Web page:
We hope you enjoyed this edition of GBAtemp Recommends. If you'd like to see more, leave your feedback in the thread below or check out our previous articles.



TAGS: [GAME=/game/marios-super-picross.80174]Mario's Super Picross[/GAME]
 

AmandaRose

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It's been a while since I have actually agreed with the choice of game for GBAtemp Recommends. The Picross games are awesome. My favourite one is My Nintendo Picross: The Legend of Zelda: Twilight Princess but all of them are great puzzle games.
 

Taleweaver

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Picross... Nonograms... Griddler... This puzzle goes by many names, but regardless, they are engaging, challenging and fun. More so than other puzzles, they also reward you with a sweet picture you'll unlock as you go.

I'm not sure if I've played through the snes version, but I can easily thumbs up the review regardless. :)
 

Issac

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Picross is one of my absolute favourite puzzles, and this is absolutely worth playing. I have to say that the DS and 3DS games have spoilt me a little bit with the stylus input. But that's just something I think of for a short while until I get totally involved in the game again. :)

I might add that there are 3D picross for the DS and 3DS too that makes you think in a whole new way, which is very interesting too!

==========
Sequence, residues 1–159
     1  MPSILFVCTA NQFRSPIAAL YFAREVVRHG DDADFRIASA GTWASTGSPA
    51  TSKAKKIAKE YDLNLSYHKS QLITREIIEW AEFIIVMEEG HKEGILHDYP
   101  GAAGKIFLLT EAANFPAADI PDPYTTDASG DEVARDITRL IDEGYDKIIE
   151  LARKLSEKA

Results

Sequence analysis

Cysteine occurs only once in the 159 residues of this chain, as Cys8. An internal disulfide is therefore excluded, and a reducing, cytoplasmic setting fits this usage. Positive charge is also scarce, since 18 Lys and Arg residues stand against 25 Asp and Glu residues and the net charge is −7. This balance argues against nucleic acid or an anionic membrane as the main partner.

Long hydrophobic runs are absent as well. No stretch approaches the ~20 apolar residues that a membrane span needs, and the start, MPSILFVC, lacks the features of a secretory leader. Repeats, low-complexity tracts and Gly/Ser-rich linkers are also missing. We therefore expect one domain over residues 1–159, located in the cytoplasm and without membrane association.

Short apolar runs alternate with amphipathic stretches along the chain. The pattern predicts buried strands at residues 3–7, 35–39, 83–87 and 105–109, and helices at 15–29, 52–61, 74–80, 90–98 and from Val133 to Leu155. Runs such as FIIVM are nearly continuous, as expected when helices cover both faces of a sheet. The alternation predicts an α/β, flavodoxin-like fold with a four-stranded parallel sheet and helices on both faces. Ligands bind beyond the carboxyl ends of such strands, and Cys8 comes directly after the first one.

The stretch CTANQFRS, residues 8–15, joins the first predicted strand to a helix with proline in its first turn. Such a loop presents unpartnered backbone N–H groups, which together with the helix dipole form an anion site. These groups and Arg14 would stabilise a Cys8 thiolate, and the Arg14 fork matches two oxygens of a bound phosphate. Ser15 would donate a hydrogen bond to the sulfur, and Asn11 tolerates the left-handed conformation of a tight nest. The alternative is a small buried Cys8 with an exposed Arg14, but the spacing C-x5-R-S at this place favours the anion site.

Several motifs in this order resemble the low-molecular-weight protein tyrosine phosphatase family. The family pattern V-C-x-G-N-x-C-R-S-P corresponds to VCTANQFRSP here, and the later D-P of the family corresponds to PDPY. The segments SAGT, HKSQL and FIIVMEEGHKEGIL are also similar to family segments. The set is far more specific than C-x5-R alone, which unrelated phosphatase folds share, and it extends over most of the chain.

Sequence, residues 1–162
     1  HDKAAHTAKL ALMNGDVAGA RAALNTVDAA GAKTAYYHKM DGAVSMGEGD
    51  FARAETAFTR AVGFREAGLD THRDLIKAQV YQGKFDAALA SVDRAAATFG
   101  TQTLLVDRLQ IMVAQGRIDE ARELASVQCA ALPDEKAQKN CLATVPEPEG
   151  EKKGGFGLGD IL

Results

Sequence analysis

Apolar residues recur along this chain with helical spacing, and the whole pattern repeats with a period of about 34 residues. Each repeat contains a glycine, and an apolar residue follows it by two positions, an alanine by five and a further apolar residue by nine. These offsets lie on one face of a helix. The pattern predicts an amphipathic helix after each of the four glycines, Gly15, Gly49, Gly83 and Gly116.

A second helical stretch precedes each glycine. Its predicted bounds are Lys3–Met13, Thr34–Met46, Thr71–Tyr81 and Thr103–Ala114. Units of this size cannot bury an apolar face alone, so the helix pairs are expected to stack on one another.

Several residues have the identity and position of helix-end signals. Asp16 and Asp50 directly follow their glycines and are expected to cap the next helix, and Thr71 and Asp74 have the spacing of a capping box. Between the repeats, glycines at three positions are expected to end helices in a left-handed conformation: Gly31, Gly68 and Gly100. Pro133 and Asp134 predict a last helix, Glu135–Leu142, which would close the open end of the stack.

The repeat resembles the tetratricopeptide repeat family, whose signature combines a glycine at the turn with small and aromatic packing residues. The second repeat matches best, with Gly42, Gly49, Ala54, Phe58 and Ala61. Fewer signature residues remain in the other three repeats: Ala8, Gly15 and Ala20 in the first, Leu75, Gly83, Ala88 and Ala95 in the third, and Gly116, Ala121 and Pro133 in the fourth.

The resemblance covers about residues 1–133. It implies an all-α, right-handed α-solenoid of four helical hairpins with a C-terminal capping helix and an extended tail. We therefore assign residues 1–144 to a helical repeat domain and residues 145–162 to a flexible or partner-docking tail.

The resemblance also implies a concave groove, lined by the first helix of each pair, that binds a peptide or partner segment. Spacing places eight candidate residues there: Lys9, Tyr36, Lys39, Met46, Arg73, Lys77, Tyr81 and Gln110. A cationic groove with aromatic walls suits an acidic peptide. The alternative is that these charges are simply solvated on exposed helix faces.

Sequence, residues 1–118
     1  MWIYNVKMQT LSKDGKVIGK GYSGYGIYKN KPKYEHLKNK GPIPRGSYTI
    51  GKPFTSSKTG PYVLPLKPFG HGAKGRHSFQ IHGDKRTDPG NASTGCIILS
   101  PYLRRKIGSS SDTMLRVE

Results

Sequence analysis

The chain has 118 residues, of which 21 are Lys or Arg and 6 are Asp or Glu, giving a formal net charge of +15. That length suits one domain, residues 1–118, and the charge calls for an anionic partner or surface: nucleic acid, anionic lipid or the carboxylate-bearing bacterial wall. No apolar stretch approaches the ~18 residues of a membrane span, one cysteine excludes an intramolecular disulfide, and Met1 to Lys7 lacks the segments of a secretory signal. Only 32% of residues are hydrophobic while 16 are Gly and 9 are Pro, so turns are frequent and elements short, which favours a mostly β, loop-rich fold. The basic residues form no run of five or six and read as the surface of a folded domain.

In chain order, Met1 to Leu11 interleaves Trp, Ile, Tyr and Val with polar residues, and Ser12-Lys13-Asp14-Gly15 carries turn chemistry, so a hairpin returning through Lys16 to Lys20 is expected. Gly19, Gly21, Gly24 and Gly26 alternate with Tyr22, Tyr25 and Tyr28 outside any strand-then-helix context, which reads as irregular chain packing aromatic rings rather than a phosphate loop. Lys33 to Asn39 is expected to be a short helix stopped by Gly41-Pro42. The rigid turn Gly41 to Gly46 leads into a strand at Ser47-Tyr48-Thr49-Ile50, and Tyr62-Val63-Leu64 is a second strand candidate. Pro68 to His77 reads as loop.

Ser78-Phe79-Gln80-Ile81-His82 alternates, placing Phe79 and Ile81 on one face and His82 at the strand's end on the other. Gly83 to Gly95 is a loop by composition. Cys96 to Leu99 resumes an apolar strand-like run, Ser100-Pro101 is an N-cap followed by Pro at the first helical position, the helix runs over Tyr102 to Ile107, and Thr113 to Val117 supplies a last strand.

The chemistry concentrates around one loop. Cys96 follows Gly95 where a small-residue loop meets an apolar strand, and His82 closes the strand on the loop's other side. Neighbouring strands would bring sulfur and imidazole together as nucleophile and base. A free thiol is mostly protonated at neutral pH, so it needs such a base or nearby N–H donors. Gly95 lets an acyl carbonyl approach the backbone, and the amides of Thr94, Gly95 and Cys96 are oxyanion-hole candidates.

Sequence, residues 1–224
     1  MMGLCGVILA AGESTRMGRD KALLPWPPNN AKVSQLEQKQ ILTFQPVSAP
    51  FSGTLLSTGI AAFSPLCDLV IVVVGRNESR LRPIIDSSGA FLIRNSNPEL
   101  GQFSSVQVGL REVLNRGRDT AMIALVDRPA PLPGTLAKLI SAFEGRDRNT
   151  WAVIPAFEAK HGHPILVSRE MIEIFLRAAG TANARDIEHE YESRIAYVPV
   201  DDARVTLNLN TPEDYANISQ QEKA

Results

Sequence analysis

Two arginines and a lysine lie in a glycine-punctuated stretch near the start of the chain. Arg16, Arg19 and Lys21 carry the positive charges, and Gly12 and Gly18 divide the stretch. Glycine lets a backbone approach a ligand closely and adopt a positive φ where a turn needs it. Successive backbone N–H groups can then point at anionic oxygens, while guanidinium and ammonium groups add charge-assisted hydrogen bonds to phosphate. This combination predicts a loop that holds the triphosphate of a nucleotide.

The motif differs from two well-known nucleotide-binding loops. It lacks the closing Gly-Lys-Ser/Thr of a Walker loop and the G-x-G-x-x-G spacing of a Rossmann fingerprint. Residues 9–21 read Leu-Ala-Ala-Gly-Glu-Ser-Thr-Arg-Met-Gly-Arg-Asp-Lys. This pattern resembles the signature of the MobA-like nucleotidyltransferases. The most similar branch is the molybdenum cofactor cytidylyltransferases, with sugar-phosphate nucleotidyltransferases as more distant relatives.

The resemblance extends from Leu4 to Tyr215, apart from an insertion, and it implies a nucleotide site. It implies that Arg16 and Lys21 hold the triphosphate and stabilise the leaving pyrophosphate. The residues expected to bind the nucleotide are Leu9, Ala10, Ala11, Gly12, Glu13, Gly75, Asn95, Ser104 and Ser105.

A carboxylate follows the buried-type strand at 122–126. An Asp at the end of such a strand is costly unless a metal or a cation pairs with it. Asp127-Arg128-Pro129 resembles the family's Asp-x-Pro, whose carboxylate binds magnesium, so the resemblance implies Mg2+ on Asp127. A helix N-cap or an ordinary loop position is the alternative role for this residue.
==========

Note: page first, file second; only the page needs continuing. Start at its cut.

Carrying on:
Hells Malice

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For the longest time I didn't think picross would be fun but then I played it with Chary and had a blast. We played it all night. Never expected to enjoy it so much. They're very fun puzzles. Even the ancient games like this one still play well.
 
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Worldblender

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This review sparked me to see if there exists a free/open-source alternative, even if under a different name, and I did find one. Hooray! :toot: The particular one I found is Picmi, one of the various KDE games (but this desktop environment is not required). It normally can be installed on most Linux distros (and maybe Windows, since some KDE programs have received Windows ports) The screenshot below should be similar enough to the games presented in this review, but without the problems associated with console exclusives, and to a larger extent, proprietary software in general. Better yet, it's also 100% free as in cost; no need to pay for a console, online subscription, or separate download.
picmi.png
 
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My introduction to the Picross was on the 3DS platform and it made sense that a game like this would be played with a Stylus.
The Switch does have a Capacitive Touch Screen and one could use traditional controllers per the original SNES format, so I assume people will find a play style that is enjoyable for them, especially if this is their introduction to the franchise.

Unfortunately, I find it hard to make that leap, but thankfully both the 3DS and NDS platforms have enough Picross fun to compensate.
That said, this article does make me wonder about the future of Etrian Odyssey on the Switch, as it has the opposite of Picross' history and starts from a Stylus-oriented, split-screen interface.

I'm hesitant to consider how much fingering it'll take to play it on this current handheld ...
 

Shawn ShyGuy

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This game has been my favorite SNES "hidden gem" for a bit, and I'm glad it's finally getting some recognition. I just hope that recognition doesn't shoot up the prices of carts before I can import again, lol

But absolutely, anyone who likes the SNES version should also check out the couple that came out on GameBoy, as well as the unreleased Pokemon Picross, if you can get your hands on any of them